In our journey so far we have explored the impacts of the Earth's Spin and Orbit on the weather and climate.
The final instalment of the series explores the influence of the tilt on the Earth's weather and climate, and how the Earth's relationship with the Sun affects the way we live our lives.
Originally the series was called 23 Degrees, (the angle of the tilt) as we considered this factor extremely significant to the variability in seasons our planet experiences. Although the series is now called Orbit, the tilt of the Earth continued to be an extremely important factor of the series. What do you think?
From the arrival of spring in the Hay river to the affects of the monsoon to the people in India, we wanted to uncover how Nature and culture respond to the variations in the Sun's energy.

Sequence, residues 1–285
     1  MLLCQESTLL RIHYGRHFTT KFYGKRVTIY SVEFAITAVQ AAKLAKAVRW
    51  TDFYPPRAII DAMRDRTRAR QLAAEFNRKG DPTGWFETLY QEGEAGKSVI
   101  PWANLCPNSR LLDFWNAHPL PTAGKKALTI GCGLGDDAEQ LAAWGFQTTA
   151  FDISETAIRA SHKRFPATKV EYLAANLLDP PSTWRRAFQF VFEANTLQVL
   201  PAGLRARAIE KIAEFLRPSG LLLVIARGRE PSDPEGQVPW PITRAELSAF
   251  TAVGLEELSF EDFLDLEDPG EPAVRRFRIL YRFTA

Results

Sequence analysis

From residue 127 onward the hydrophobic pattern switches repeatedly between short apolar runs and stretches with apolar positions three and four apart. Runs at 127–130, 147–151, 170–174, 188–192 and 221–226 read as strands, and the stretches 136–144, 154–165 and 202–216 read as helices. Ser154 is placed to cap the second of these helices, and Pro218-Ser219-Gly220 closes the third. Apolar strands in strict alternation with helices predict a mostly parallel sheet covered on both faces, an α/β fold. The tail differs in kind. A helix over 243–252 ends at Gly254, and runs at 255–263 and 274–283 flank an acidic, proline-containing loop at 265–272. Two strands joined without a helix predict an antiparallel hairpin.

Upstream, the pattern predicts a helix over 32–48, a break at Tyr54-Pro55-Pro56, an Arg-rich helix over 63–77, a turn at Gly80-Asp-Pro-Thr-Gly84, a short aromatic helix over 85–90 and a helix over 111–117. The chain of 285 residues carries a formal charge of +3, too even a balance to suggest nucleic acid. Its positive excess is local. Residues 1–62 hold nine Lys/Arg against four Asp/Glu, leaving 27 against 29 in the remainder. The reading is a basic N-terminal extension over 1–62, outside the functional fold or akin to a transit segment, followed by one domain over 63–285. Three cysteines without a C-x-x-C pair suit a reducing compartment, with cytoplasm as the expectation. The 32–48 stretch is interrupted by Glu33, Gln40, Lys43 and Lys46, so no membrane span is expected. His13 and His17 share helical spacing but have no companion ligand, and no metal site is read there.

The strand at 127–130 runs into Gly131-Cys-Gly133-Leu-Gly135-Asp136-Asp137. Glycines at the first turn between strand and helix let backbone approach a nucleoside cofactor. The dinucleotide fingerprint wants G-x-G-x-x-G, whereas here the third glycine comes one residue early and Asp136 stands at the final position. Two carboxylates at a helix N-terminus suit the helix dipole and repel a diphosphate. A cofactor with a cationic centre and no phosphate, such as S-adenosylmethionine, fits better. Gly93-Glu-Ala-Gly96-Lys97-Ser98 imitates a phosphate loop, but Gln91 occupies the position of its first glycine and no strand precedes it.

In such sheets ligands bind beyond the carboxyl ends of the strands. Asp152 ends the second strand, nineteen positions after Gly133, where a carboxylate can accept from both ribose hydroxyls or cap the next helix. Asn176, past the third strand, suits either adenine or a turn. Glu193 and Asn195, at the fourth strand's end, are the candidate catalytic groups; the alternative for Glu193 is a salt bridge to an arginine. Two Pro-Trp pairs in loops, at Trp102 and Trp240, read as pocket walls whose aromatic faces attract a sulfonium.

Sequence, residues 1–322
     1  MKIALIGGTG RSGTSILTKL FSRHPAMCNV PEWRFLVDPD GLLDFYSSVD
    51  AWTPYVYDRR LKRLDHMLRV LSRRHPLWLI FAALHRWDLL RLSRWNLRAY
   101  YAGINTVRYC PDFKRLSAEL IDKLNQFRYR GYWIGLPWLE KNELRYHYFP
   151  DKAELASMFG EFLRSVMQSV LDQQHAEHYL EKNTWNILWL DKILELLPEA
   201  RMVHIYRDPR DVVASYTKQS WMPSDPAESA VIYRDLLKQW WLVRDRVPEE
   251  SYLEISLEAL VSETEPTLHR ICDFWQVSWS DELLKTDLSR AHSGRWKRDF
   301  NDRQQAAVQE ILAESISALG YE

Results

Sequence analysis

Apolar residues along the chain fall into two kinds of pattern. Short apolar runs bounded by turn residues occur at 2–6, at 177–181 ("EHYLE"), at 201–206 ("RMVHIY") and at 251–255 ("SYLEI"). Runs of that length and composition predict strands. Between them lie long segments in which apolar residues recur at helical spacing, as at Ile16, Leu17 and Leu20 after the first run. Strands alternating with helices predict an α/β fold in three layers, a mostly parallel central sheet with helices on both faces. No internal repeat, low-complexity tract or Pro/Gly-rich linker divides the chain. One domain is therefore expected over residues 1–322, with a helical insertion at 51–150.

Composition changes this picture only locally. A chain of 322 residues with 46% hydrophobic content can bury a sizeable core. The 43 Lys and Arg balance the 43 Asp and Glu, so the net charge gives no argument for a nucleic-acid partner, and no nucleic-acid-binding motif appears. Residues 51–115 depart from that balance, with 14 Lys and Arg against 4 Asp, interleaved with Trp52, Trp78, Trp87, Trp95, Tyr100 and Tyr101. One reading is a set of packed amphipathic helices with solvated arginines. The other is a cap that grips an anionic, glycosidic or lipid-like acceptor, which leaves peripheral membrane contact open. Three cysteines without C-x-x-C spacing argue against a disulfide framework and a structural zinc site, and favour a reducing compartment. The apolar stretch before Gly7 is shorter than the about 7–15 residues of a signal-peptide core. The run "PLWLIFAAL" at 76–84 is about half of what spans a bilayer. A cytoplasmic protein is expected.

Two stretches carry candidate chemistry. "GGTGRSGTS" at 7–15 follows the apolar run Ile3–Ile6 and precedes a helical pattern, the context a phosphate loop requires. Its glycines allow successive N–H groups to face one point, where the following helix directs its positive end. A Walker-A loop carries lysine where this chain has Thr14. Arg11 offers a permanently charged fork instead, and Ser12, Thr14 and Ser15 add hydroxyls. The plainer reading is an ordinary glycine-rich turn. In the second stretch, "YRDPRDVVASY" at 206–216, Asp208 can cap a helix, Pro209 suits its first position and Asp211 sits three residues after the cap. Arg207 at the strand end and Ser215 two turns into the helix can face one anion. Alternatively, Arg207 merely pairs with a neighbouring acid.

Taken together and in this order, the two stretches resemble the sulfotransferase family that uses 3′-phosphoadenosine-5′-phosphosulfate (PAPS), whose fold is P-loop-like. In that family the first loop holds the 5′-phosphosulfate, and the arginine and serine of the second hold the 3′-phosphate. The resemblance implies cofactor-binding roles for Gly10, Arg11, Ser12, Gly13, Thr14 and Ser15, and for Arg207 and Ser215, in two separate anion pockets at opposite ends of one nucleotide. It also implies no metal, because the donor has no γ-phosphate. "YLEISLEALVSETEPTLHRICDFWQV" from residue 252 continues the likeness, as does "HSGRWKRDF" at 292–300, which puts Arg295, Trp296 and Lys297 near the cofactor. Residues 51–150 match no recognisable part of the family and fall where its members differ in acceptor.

Kate takes us through the ancient archeological site Chichen Itza, Yacatan region of Mexico. At its peak, in the 10th century AD it was a thriving city that sprawled over 25 square kilometres and was home to more than 40000 people.
We wanted to explore how ancient civilizations had developed a great understanding of our Earth's journey around the Sun, and Kate takes us there on a significant day; the March Equinox. How significant are sites such as temple of Kukulkan and Stonehenge to us today?
In this episode we also wanted to breakdown the key factors that drive the extremes of weather like the Monsoon, Dust storm and the Tornado.
Helen travels to Kerala, South of India to discover what drives the Monsoon and visits Tornado Alley with atmospheric Scientist Josh Wurman to explain 'What causes a tornado?'
A record six EF-5 tornadoes were confirmed in 2011, the most deadly being Joplin Missouri tornado (158 killed, 14 mile path length.)
What do you think about Episode three? How significant do you think the Earth's tilt is to our climate and weather? How far are we in understanding why one supercell drops a tornado and another doesn't? Has our cultural relationship with the Sun changed over time? Leave your comments on this post.